Study shows BAT Kenya is the worst place to work in

Workers could be dying slowly, studies reveal

By The Weekly vision team

Cigarette manufacturing plants like BAT in Kenya are said to be some of the worst places any worker would ever want to work in, environmental studies have revealed.

According to a study designed to assess safety levels at workplaces in the country in the post-Covid -19 era, BAT was found to have completely neglected safety measures of employees in its production line most of whom are exposed to toxic levels of tobacco daily.

BAT workers confessed that many of their colleagues had succumbed to TB, Asthma and deadly skin diseases due to unprotected exposure

The workers confessed in wide-ranging interviews on conditions they are not named that many of their colleagues had succumbed to TB, Asthma and deadly skin diseases due to unprotected exposure. This is contrary to both national and international Labour laws that require employers to ensure the health safety of workers.

The study was conducted to assess environmental safety for workers and was commissioned by Journalists for the Protection of the Environment, (JFPE), the Union of Kenya Civil Servants (UKCS), The Weekly Vision, and the NGO Council of Kenya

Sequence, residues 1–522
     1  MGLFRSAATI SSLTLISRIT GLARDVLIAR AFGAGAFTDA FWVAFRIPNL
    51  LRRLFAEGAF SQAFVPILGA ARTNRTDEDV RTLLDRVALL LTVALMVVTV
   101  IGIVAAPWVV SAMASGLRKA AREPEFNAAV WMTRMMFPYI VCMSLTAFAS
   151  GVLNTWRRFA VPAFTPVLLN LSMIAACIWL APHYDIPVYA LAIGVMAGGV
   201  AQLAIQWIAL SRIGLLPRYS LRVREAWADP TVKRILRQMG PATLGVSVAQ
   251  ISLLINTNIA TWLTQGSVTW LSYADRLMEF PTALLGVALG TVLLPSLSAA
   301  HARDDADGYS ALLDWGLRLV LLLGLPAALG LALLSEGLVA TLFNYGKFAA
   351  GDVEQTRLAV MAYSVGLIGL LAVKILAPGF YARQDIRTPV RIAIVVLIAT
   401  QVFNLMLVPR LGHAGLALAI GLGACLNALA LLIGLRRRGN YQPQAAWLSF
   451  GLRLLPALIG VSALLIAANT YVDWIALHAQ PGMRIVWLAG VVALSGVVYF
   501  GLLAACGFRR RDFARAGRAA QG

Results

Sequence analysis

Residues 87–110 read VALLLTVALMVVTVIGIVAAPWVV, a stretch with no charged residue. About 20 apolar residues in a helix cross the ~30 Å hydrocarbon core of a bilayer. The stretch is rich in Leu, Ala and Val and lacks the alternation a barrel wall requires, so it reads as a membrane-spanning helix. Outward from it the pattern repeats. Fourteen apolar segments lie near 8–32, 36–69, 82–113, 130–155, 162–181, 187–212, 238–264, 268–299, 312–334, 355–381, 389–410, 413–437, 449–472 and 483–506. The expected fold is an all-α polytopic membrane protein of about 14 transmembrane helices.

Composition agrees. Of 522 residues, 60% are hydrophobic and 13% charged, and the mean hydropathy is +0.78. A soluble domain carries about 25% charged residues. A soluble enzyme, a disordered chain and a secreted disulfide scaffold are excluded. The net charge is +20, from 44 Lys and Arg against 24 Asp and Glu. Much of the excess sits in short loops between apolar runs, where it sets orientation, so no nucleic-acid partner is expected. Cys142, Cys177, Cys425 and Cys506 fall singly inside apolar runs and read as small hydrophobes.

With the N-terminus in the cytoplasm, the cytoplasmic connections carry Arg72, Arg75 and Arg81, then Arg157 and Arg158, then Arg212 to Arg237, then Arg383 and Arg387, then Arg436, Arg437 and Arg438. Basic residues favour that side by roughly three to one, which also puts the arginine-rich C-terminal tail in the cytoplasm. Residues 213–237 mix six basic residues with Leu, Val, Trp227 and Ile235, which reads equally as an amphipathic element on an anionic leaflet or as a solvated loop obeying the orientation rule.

The studies conducted between March- June 2021 to assess environmental safety for workers were commissioned by the Journalists for the Protection of the Environment, (JFPE), the Union of Kenya Civil Servants (UKCS), The Weekly Vision, and the NGO Council of Kenya.


BAT banks largely on its “addicted” consumers to keep raking in millions of shillings, part of which is used to “silence” many top mainstream media houses

The studies further revealed that Covid- 19 protocols at BAT’s Likoni road head office while in place are ever enforced, some workers widely ignored to follow the protocols, sneezing and coughing endlessly due to toxicity tobacco fumes.

The long-suffering workers wearing long faces say they see “no big deal” with corona as they have been “quietly falling sick and dying” as authorities do nothing. Bitter workers at BAT accused NEMA’s top officials of being “compromised” into “deadly silence” while trade union leaders had also gone quite quiet as the cigarette manufacturer subject her staff to “slow poison”

BAT, with one of the highest tax regimes in the world, largely banks on its “addicted” consumers to keep raking in millions of shillings, part of which is used to “silence” many top mainstream media houses through advertising through a proxy to “play down environmental issues” emanating from the toxic plumes at its Likoni road plant. The government which also collects huge annual revenues in taxes is also prone to “go slow’ in order not to risk a major source of tax revenue.

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